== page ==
By SARA SCHRICHTE  |  Soda Springs

Occasionally, I meet one of those rare Truckee/Tahoe born-and-bred locals and I marvel at their ability to raise a family here and stick it out for the long haul. The rest of us have stories of how we got to live or work in this place. A lot of those revolve around housing.

Too often, our stories are of being unable to find what we need at a price we can afford. From the seasonal lift operator to the full-time family, we universally understand that it takes financial gymnastics to have a life here. We willingly trade access to services and jobs for nature and small-town life. We largely accept the high costs of living, balancing multiple jobs and trying to ride out the next shoulder season. To do so is practically part of our local identity. Regional economic data from the Tahoe Prosperity Center and the Community Collaborative of Tahoe Truckee, among others, point to moderate incomes combined with high cost of living and a large second home market creating these economic uncertainties.

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Our regional leaders recognize the struggle to accommodate the seasonal influx of workers and to keep enough housing inventory available for full-time use. It’s not a problem unique to the Tahoe area, and it won’t be solved with a single solution. We will need a variety of programs and projects acting in concert across the region to ensure that the region is a place for people to live, work, and play in all seasons. Placer and Nevada counties, along with the Town of Truckee and the Tahoe Truckee Community Foundation (TTCF), are taking the opportunity to look more closely at solutions that can address the specific needs of our region by conducting the first study that will create a regional baseline of all Truckee/North Tahoe housing needs.  

The study began by bringing together a group of stakeholders to design and guide the effort, led by TTCF. These stakeholders had all worked on various housing efforts, and recognize the need to leverage what’s already been done to make this a regional conversation. They also identified the importance of leveraging the work of community partners who deal with housing issues daily, from the Workforce Housing Association of Truckee Tahoe, Mountain Area Preservation, and Martis Fund, to Project MANA and our family resource centers.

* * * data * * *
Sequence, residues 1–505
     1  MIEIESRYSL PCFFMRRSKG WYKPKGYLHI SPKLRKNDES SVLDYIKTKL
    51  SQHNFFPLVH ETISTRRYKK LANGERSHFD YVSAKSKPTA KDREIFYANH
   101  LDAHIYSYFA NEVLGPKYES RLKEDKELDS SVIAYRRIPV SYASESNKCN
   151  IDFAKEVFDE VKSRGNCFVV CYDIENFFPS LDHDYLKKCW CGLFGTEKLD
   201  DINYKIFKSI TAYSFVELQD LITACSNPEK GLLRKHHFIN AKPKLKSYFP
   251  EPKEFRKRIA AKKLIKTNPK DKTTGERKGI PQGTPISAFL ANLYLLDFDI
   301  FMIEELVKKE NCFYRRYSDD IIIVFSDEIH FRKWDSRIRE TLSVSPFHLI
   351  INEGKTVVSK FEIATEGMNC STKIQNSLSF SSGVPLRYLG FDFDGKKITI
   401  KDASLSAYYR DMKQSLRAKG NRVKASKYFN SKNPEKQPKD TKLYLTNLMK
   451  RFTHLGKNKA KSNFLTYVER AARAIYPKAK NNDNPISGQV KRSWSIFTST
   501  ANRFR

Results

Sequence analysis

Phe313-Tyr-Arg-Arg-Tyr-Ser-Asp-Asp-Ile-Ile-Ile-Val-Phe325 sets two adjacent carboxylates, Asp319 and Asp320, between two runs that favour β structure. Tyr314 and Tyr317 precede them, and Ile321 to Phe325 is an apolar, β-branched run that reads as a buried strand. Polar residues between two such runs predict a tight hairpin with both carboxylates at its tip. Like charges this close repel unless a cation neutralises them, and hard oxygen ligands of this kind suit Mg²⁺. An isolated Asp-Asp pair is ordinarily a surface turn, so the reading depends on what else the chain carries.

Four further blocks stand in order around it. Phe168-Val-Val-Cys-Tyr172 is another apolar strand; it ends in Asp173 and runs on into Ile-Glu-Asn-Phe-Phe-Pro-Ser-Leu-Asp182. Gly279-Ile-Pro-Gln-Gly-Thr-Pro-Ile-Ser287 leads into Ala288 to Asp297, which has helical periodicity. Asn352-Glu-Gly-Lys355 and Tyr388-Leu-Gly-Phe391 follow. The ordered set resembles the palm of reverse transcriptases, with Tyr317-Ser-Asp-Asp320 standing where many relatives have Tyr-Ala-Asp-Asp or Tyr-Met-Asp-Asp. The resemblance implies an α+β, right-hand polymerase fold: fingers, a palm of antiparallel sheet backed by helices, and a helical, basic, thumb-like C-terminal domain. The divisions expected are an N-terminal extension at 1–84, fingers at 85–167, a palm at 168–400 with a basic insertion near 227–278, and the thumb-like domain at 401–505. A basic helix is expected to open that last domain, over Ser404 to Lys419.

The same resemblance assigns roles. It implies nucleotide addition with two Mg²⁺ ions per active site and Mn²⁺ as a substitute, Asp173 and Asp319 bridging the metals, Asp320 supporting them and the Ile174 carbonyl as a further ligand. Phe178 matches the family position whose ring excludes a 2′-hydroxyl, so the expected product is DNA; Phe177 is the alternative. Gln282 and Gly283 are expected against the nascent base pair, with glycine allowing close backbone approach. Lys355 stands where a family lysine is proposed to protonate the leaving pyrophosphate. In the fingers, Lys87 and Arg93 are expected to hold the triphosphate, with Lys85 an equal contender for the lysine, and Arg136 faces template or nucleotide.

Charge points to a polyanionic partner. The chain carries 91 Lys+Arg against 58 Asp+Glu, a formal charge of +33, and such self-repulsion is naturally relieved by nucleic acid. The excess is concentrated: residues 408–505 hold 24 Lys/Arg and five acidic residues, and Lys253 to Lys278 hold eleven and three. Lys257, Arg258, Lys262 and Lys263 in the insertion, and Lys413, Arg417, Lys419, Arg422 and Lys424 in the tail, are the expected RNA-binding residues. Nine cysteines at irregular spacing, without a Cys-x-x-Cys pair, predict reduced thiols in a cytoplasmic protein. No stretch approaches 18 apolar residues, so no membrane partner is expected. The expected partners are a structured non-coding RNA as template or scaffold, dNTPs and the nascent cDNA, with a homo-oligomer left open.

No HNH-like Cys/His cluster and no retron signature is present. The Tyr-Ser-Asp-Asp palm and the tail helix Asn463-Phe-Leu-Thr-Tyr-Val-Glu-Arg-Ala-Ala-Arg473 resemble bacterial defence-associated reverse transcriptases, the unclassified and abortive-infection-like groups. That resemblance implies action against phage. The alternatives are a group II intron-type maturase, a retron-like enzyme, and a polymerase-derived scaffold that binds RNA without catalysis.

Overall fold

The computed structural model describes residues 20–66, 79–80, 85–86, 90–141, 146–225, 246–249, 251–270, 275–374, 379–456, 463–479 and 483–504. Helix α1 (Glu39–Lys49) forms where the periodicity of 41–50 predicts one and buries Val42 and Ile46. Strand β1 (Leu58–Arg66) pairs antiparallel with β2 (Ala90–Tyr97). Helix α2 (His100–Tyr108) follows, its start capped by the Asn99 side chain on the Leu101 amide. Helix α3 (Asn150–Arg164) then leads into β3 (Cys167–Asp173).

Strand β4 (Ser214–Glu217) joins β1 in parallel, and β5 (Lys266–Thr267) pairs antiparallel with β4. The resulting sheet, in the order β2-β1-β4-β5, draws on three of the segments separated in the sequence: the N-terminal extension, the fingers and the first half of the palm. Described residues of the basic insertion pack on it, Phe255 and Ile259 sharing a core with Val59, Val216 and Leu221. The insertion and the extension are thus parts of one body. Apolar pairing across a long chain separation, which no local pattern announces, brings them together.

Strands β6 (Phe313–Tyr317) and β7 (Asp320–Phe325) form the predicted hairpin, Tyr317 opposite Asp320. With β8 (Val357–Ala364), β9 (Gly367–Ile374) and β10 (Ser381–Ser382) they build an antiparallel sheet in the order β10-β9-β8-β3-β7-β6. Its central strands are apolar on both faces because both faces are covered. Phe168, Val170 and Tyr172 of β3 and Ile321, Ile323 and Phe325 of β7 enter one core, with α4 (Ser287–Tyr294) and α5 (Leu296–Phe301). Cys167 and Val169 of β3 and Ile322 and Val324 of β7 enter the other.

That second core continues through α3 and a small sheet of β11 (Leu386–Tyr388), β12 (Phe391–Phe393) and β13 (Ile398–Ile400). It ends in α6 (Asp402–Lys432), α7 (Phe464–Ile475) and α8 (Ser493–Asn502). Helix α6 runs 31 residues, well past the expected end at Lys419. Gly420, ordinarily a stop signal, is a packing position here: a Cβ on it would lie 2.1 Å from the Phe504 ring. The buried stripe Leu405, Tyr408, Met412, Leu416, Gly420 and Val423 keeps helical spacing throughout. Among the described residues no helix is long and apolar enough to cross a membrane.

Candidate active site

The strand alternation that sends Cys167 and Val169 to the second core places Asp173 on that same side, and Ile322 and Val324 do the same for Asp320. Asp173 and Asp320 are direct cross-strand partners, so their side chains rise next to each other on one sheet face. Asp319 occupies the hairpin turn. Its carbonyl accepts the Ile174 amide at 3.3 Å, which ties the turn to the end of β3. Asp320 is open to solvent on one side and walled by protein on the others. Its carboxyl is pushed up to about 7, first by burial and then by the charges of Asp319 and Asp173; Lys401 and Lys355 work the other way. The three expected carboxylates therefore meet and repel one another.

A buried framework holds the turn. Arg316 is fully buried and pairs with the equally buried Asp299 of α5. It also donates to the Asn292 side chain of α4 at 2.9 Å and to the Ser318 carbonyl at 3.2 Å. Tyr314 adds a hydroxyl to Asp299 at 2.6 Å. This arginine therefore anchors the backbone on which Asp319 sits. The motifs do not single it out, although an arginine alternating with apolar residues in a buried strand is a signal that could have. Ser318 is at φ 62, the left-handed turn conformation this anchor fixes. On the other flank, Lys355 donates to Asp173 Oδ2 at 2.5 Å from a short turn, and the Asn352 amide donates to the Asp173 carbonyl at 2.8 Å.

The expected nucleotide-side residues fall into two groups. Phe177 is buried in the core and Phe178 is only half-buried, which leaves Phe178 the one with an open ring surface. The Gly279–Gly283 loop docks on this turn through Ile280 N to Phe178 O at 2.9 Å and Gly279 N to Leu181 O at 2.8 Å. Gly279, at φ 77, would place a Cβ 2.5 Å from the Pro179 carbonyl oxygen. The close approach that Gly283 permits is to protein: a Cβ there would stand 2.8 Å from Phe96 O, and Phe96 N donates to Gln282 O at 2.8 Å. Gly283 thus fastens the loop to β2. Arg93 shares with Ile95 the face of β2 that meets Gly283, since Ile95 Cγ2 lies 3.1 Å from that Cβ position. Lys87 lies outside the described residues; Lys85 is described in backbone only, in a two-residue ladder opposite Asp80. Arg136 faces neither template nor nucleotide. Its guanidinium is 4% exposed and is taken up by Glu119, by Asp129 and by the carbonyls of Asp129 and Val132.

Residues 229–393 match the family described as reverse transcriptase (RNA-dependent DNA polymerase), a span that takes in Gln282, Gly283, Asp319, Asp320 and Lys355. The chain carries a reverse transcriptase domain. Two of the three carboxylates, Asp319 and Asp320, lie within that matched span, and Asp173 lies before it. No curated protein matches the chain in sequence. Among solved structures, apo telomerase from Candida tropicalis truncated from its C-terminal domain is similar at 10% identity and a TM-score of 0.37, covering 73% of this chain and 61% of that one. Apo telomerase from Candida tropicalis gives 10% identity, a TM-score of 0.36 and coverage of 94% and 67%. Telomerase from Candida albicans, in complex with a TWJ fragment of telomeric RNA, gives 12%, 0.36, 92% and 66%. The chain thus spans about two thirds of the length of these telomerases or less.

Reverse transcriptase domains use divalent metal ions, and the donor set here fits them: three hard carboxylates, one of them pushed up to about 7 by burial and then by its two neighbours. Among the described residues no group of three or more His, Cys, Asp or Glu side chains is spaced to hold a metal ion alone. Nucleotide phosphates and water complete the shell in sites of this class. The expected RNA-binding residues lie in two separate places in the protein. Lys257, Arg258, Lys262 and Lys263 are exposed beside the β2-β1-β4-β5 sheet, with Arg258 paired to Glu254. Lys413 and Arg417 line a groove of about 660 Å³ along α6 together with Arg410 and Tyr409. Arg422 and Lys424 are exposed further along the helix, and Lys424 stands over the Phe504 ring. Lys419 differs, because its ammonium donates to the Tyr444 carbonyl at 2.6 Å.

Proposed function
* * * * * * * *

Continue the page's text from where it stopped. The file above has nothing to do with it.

The study is in two parts. BAE Urban Economics is conducting a comprehensive Needs Assessment Study, while TTCF and the Community Collaborative of Tahoe Truckee are teaming up with outreach partners, including the Family Resource Center of Truckee, North Tahoe Family Resource Center, Elevate Tahoe, and Tahoe Truckee Community Television.

Preliminary findings from the study tell us we’re right to be concerned about affordability and how many homes sit vacant much of the year. So, I am not surprised that this winter is again marked by stories of seasonal workers desperately looking for housing. Multiple families will continue to live together in overcrowded homes. Many of us will make do with sub-standard conditions that accompany an aging housing inventory. The cold weather emergency shelter in Truckee will continue to shelter our most vulnerable residents on the most frigid nights. Our community’s basic needs support system will continue to work daily with people experiencing housing crises.

But this season we will come together to talk about these problems and design solutions that will make an impact. All voices are important, so whether you came here in search of the Tahoe lifestyle, or you’re a proud longtime local, please find out more online and add your voice to this conversation. For more information about surveys, forum dates, and the study, visit ttcf.net/impact/regional-housing-study. For Moonshine’s first installment of Housing Crisis, a series on the region’s current housing situation, see here.

~ Sara Schrichte lives in Soda Springs and is the project manager for the Truckee North Tahoe Housing Study.

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